Due to volatility, Apple decreases in capitalization and ceases to be the most valuable in the world

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Due to volatility, Apple decreases in capitalization and ceases to be the most valuable in the world

Shares of Apple slumped on Thursday to fall 22% below their January high as the sell-off in tech stocks spreads from speculative stocks to the world’s biggest companies.

The shares fell more than 3% to $141 and were trading at their lowest level since Oct. 14. The crash has wiped about $696 billion from Apple’s market value since the record high on Jan. 3.a drop that allowed Saudi Aramco, which has benefited this year from rising oil prices, to overtake the tech giant as the world’s most valuable company.

This is how the oil company remained with a market capitalization of US$2.382 billion and Apple falling to US$2.304 billion; Microsoft follows in third place with US$1.915 billion.

The widespread weakness in tech companies has been fueled by concerns about inflation and rising interest rates. The Nasdaq 100 index has fallen more than 7% in the last four days and is on track for a sixth consecutive week in the negative, its longest losing streak since 2012.

“Sentiment is very depressed, and uncertainty around inflation will continue to complicate the picture,” said Keith Lerner, co-chief investment officer and chief market strategist at Truist Advisory Services. “Even though prices are getting cheaper, we need a spark to start moving up, and I don’t see any.”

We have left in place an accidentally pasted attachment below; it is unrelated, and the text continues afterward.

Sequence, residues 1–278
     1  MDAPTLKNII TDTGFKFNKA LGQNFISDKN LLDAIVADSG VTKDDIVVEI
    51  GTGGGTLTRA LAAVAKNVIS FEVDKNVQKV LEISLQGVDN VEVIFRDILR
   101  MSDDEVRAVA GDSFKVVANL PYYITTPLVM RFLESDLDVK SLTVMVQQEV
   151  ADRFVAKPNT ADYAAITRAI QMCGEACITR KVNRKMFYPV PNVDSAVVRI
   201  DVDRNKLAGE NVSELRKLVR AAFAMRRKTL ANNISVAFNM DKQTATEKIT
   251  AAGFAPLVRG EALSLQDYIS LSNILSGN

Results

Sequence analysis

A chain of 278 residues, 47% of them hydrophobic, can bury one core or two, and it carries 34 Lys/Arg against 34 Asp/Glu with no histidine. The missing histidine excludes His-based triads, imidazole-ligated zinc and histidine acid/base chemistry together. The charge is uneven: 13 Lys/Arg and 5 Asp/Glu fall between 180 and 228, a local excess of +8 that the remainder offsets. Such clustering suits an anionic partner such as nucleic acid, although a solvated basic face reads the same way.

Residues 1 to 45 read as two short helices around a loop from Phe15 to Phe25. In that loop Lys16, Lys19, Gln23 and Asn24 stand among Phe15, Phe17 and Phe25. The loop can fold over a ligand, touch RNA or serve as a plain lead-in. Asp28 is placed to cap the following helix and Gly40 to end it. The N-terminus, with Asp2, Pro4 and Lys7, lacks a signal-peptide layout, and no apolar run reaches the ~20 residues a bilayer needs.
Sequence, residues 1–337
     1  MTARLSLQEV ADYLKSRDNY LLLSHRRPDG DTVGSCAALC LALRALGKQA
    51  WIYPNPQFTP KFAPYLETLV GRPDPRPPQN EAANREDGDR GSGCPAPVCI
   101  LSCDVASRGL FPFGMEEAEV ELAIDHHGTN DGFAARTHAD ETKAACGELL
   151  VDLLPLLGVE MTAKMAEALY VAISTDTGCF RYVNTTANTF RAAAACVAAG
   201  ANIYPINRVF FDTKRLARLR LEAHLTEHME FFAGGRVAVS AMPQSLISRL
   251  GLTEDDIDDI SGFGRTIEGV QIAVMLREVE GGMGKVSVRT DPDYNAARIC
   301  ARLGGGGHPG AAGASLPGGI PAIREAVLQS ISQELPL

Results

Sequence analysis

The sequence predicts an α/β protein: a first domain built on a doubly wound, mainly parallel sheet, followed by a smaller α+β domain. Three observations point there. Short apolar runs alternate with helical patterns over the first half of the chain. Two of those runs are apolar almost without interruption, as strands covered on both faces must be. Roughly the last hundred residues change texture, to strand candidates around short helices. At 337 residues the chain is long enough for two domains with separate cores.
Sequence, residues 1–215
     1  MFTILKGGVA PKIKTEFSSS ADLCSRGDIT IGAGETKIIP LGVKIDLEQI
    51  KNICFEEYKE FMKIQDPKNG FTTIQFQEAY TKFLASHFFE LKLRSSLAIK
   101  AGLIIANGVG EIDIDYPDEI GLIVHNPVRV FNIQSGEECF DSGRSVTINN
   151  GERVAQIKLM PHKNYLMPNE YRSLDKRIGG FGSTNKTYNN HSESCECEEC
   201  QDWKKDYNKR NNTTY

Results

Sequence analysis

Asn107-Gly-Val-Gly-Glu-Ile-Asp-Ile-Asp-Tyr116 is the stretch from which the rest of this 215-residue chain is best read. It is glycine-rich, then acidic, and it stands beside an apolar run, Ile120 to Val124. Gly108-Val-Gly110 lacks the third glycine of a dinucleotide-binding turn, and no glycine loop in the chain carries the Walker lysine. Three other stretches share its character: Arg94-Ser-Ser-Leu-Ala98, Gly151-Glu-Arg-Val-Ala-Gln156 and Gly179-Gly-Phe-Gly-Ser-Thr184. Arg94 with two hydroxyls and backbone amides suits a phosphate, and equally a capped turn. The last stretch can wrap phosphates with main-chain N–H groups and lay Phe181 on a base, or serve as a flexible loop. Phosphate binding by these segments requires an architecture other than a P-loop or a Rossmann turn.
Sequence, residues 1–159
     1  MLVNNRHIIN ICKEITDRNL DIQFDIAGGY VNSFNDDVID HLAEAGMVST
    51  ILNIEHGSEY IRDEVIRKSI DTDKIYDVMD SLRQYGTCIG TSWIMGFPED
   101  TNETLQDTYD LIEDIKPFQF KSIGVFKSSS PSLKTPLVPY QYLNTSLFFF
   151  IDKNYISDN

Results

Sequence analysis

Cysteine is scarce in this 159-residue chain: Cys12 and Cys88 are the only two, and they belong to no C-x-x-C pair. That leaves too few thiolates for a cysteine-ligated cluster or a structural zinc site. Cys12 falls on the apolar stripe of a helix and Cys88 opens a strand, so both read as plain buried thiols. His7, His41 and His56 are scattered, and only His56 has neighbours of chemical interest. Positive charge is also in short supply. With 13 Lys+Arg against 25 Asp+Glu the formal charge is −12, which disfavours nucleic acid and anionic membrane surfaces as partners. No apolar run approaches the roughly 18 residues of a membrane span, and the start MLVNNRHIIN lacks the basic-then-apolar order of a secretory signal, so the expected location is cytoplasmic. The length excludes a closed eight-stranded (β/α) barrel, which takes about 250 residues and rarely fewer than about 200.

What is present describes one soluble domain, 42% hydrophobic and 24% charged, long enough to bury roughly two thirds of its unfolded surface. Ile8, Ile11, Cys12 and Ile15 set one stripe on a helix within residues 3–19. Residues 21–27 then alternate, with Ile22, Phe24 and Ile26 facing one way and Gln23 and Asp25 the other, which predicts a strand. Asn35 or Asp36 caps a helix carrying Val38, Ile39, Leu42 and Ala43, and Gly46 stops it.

While the Nasdaq 100, heavily weighted in tech stocks, has been under pressure all year, Apple’s decline has been relatively recent. The stock is down almost 10% this week alone amid growing concerns about an economic slowdown.

It’s a sudden turnaround for Apple from about six weeks ago, when shares were trading near their record high and strongest on Wall Street. The stock is on track for a seventh consecutive weekly decline, which would represent the longest losing streak since November 2018.

Apple continues to face supply chain challenges, which the company predicted would cost $4 billion to $8 billion in revenue during the current quarter. Still, its strong balance sheet, hefty profits and loyal customer base have partially insulated it from the turmoil in the tech sector.

The stock continues to outperform the Nasdaq 100 index, which has lost almost 30% of its value so far this year, compared with the company’s drop of around 19% in the same period.
Lerner suggested that weakness in Apple and other big tech companies could be a sign that markets are bottoming out. “You want to see the bigs fall to find a good bottom, so this could be positive from that perspective, although we can always be more oversold.”

The benefit of oil
Saudi Aramco traded near its highest level on record on Wednesday, with a strong capitalization, ahead of Apple for the first time since 2020. Even if the move proves short-lived and Apple returns to the top spot, the reversal of roles underscores the power of the main forces that the global economy is going through.

High oil prices, while great for Aramco’s profits, are exacerbating rising inflation that is forcing the Federal Reserve to raise interest rates at the fastest pace in decades. The higher the rates, the more investors will discount the value of tech companies’ future income streams and push their share prices down.

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